Portal hypertension is a pathologic condition characterized by an excessive increase in the pressure within the portal vein or one of its branches. Typical portal vein pressure is 5 to 10 millimeters of mercury (abbreviated mmHg). When the pressure exceeds 5 mmHg above inferior vena cava pressure, it is characterized as portal hypertension. The portal vein carries nutrient rich blood from the digestive system to the liver. Normally, the veins come from the stomach, intestine, spleen, and pancreas. They merge into the portal vein, which then branches into smaller vessels and travels through the liver. If the vessels in the liver are blocked, it is hard for the blood to flow causing high pressure in the portal system. When the pressure becomes too high, the blood backs up and finds other ways to flow back to the heart, which causes large varices (swollen or knotted bodily vessels, usually veins) to develop across the esophagus and stomach to bypass the blockage. Because of this bypass, substances (such as toxins) that are normally removed from the blood by the liver can pass into the general circulation. The varices become fragile and can bleed easily, sometimes seriously and occasionally with fatal results. Portal hypertension often causes the spleen to enlarge (splenomegaly) because the pressure interferes with blood flow from the spleen into the portal blood vessels. Pressure in the portal blood vessels may cause fluid from the surface of the liver and intestine to leak into the abdominal cavity producing a condition called ascites (an accumulation of serous fluid in the peritoneal cavity, causing abdominal swelling).
Sonographically speaking, portal hypertension can be separated into presinusoidal and interhepatic. Presinusoidal venous hypertension often occurs in a patient with normal liver function when the portal vein and its branches are compressed before they enter the liver. Presinusoidal portal hypertension can be further divided into extrahepatic and intrahepatic forms. Extrahepatic presinusoidal portal hypertension can be caused by either thrombosis (formation of blood clots) of the portal veins or of the splenic veins. The causes of portal vein thrombosis in adults include trauma, sepsis (blood or tissue infection), hepatocellular carcinoma (cancer of the liver cells), pancreatic carcinoma (cancer of the pancreas), pancreatitis (inflammation of the pancreas), portacaval shunts (shunt between the portal vein and inferior vena cava), splenectomy (removal of the spleen), and hypercoagulable states (excessive blood clotting). This form of portal hypertension should be suspected in any patient that has a normal liver biopsy and any of the clinical signs of portal hypertension (ascites, splenomegaly, and varices). The intrahepatic presinusoidal portal hypertension is caused by primary biliary cirrhosis, congenital hepatic fibrosis, toxic substances, and schistosomiasis, all of which are diseases (or results of diseases), affecting the portal zones of the liver.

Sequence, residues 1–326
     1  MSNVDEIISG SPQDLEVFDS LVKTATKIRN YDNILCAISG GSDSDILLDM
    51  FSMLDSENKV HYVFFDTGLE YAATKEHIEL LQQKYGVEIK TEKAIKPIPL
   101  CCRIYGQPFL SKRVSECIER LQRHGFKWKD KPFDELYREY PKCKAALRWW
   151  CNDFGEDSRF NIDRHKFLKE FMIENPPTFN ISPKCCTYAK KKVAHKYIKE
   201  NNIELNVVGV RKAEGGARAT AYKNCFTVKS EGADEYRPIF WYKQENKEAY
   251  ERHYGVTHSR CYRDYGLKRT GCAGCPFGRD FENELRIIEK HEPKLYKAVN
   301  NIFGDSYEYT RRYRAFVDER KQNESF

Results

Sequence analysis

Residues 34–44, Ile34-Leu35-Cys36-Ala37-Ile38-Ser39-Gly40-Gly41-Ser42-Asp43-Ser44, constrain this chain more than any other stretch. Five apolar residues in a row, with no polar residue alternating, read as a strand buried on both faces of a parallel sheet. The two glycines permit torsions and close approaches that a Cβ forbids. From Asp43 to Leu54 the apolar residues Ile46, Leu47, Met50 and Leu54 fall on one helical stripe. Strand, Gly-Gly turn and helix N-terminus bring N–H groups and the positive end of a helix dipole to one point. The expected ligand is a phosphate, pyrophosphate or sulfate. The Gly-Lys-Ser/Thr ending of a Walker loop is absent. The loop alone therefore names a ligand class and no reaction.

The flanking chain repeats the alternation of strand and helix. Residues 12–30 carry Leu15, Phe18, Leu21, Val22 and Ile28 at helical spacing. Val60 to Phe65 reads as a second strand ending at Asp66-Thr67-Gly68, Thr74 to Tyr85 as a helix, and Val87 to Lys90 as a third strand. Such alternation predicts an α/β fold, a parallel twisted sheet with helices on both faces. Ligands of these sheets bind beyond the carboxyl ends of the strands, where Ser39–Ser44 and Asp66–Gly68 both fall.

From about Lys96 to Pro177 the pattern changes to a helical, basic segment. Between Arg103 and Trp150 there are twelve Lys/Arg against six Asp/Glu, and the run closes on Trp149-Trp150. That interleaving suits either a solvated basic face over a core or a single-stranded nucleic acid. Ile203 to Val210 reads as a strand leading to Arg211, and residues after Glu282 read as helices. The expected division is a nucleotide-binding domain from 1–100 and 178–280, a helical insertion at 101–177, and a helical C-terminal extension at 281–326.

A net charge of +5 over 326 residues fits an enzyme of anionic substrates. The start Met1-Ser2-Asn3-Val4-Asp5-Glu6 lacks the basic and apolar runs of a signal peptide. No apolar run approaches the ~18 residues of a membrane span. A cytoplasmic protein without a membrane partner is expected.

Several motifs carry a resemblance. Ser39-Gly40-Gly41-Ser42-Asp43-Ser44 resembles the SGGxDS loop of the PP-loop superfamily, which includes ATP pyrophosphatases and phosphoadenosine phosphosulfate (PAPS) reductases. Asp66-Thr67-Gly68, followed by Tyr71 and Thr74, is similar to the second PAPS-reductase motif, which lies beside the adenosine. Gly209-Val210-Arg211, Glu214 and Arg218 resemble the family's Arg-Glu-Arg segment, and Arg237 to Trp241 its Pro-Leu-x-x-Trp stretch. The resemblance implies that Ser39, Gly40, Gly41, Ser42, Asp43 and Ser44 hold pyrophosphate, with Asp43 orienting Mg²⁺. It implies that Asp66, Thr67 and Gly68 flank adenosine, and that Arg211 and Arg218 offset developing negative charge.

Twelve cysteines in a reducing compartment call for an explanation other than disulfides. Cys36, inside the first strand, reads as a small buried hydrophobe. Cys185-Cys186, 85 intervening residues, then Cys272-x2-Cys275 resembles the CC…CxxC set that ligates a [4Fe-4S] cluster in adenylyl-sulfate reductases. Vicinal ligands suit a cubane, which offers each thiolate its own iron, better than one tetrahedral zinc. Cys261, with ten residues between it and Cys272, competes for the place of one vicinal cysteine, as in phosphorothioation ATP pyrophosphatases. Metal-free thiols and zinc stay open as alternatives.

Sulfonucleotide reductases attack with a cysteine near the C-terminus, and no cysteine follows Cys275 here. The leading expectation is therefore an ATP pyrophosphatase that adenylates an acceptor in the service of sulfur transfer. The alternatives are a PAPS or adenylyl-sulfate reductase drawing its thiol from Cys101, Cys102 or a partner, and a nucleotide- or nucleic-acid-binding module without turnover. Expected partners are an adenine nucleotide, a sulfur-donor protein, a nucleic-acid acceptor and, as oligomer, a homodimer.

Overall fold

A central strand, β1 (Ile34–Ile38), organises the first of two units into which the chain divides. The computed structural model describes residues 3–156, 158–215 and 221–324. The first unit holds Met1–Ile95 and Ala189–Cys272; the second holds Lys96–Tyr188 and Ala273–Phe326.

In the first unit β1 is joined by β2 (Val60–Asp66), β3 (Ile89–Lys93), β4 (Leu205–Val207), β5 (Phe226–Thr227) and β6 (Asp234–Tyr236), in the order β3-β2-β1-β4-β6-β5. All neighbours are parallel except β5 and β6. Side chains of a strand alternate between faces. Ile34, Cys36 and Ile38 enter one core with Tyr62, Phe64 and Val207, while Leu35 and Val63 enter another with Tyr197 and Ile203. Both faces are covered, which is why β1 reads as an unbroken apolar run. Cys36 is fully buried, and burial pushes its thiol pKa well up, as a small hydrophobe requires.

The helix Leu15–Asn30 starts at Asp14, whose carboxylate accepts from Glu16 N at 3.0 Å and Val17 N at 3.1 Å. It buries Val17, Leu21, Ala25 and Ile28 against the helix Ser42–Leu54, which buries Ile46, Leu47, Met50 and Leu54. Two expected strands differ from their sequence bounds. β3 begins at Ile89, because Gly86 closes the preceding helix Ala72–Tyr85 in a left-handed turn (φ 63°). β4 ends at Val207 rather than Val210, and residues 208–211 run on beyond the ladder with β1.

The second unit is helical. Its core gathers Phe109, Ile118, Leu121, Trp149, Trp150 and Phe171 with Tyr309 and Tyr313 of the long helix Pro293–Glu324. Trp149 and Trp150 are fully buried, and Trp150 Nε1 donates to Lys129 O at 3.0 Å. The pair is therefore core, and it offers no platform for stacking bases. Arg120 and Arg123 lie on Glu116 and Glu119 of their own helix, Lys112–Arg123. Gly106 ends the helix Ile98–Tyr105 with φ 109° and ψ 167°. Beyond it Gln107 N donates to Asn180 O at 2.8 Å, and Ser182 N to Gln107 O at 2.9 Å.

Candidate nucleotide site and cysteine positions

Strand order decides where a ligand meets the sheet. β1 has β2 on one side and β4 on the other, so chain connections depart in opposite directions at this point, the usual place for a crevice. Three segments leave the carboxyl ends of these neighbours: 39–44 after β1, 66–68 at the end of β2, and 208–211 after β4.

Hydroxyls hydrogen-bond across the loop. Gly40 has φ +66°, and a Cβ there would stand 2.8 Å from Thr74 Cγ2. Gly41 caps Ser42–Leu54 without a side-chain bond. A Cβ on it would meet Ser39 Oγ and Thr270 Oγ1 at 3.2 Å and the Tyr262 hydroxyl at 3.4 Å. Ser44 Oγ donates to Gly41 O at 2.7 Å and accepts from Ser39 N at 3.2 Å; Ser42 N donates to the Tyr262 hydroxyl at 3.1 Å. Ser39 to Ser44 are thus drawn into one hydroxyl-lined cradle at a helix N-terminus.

The other type of portal hypertension, interhepatic, is almost always caused by cirrhosis, accounting for more than 90% of all cases of portal hypertension in the Western Hemisphere. Cirrhosis results from the healing of a liver injury caused by hepatitis, alcohol abuse, or other causes of liver damage. Cirrhosis is a chronic progressive liver disease characterized by the replacement of healthy cells with scar tissue. The scar tissue blocks the flow of blood through the liver and slows its processing functions because it is dense enough that it increases the resistance to portal venous blood flow and obstructs hepatic venous outflow, causing portal hypertension. Another liver disease that produces portal hypertension in the same fashion is diffuse metastatic liver disease.
Altogether, the most common cause of portal hypertension is cirrhosis. Thrombosis is another main cause of portal hypertension but...